Eco-Friendly Countertop Buyer's Guide
Many homeowners love the look of natural stone countertops, especially granite. But are you aware of the negative impact these natural stones have on the environment? Sadly, granite scores pretty low on the “green” scale. It is not a renewable resource, which means once it’s gone from the earth it’s gone. In many regions, granite mining practices leave open pits that result in toxic ground water. Importing granite from other parts of the world creates a gigantic carbon footprint. Some people even believe that granite contains radioactive uranium and emits radon gasses as it breaks down over time.
Now that you're totally bummed out about natural stone it's time to share several stylish, earth-friendly alternatives that suit your earth-friendly kitchen and bath. These countertops not only utilize recyclable and sustainable resources they also surpass the durability of more conventional materials. In addition, you won’t have to be a bit concerned about dangerous toxins and increased carbon compounds.
Concrete countertops have been in vogue for a number of years. They look stunning and if you choose a contractor that uses an organic concrete mix you have hit the green jackpot. Preferable concrete mixes consist of a tiny percentage of Portland cement. Portland cement is an energy hog to manufacture. The best mixes utilize industrial waste by-products that actually create a stronger end product and it will last just as long as natural stone.
Ground glass and stone can also be used as sparkly substitute for traditional aggregates in kitchen and bath areas. Recycled glass fiber reinforces concrete and cuts down on the need for Portland cement. Glass-fiber reinforced concrete (GFRC) typically costs more than regular concrete but you might be able to get away with using less for your countertops.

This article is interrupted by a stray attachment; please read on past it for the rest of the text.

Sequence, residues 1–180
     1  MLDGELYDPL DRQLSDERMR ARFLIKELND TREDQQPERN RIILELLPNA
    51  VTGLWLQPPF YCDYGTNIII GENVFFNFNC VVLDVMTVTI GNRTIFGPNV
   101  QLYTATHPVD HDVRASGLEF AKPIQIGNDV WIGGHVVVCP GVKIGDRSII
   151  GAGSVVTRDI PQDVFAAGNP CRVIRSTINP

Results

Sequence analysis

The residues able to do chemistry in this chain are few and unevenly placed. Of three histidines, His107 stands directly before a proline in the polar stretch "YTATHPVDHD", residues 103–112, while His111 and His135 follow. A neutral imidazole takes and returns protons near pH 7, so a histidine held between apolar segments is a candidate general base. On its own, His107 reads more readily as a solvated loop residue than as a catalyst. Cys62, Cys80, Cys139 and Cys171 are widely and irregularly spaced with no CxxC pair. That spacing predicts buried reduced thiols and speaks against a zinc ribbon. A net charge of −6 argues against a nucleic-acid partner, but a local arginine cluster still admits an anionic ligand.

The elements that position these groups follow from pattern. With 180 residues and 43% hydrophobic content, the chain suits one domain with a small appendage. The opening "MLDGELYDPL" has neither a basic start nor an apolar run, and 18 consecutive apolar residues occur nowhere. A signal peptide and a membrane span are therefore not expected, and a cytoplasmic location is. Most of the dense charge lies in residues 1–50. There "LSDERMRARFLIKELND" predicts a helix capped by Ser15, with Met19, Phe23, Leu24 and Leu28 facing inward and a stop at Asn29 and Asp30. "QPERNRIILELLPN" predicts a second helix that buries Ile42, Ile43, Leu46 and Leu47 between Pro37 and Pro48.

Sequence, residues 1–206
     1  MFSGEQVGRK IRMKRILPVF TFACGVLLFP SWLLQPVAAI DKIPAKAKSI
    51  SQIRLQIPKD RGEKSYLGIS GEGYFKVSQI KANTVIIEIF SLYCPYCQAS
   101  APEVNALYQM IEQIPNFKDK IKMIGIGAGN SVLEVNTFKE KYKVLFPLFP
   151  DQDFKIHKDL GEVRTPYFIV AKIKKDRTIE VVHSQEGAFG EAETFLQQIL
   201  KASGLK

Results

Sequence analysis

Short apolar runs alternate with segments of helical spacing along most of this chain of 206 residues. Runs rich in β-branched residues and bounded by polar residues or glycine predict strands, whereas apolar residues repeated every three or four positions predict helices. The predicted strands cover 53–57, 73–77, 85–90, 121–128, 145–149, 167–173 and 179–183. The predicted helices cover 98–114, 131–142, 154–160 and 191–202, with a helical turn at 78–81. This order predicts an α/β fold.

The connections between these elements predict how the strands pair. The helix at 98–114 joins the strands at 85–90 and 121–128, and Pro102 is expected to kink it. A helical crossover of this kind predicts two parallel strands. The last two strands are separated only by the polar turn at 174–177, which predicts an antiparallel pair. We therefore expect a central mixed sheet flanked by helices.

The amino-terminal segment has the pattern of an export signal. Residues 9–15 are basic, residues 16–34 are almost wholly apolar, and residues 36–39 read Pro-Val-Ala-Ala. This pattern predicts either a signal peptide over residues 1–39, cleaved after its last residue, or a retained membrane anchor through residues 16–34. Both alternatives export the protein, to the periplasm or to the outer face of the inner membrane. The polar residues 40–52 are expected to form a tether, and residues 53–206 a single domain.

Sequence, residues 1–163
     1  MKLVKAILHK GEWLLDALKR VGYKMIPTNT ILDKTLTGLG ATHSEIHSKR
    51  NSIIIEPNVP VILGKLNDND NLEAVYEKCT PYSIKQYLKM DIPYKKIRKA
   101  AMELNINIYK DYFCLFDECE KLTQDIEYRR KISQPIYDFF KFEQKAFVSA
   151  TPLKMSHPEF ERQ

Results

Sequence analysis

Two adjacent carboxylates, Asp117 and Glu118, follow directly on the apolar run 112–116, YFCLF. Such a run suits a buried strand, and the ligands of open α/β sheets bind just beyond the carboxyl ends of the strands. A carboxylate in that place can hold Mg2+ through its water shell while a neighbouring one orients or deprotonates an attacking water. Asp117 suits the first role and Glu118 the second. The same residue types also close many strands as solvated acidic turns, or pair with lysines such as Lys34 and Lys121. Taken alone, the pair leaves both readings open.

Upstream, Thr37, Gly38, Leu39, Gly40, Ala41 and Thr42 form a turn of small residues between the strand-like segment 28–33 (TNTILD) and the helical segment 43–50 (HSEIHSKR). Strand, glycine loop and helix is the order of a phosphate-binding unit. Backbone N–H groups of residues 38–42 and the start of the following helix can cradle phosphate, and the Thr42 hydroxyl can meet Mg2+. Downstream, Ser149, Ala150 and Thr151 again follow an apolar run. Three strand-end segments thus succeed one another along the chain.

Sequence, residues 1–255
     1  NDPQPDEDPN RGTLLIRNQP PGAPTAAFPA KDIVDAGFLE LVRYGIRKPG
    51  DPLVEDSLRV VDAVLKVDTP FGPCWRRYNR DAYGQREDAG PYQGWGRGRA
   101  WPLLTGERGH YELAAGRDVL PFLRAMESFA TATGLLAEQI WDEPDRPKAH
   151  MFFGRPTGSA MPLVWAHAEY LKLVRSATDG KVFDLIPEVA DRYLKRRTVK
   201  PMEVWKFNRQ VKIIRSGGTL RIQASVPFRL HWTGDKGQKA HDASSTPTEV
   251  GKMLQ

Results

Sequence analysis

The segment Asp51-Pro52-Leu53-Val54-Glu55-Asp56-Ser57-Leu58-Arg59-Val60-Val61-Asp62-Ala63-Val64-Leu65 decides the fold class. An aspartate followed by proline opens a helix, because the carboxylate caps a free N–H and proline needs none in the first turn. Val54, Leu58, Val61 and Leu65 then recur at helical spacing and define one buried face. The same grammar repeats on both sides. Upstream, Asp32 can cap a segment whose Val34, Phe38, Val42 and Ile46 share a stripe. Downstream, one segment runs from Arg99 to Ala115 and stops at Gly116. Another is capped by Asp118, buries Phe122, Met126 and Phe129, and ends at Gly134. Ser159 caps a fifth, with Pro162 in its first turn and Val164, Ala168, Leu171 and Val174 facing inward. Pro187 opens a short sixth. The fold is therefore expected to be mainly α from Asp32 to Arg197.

Standard concrete countertops must be poured at 1 1/2 to 2 inches thick. A GFRC mix allows for countertop thickness between 3/4 to 1 inch. It should be sealed with a water-based, food safe polyurethane.
It's hard to believe that waste aluminum can be used as an alternative countertop option. These nature-friendly, solid surface countertops incorporate tendrils of aluminum scrap into a resin mix. This creates intricate designs that give the countertops visual impact. Sometimes scrap aluminum shavings are burned as part of the recycling process. This highly polluting step is skipped and the scraps go directly into making your new countertops.
Choose from several colors and finishes to make a unique design statement in your kitchen or bath. These counters install the same way as other solid surface materials. There is no long-term maintenance required. Minor nicks and cuts are easily removed with light sanding.
HDPE, or high-density polyethylene is the stuff that comprises in excess of 15 percent of our landfill refuse. HDPE is a petroleum-based plastic that is used to make everything from milk jugs to Tyvek to laundry detergent bottles. It is commonly recycled to make similar products. However, environmentally conscious companies are now using post-consumer plastics to make solid surface countertops that are perfect for the kitchen and bath.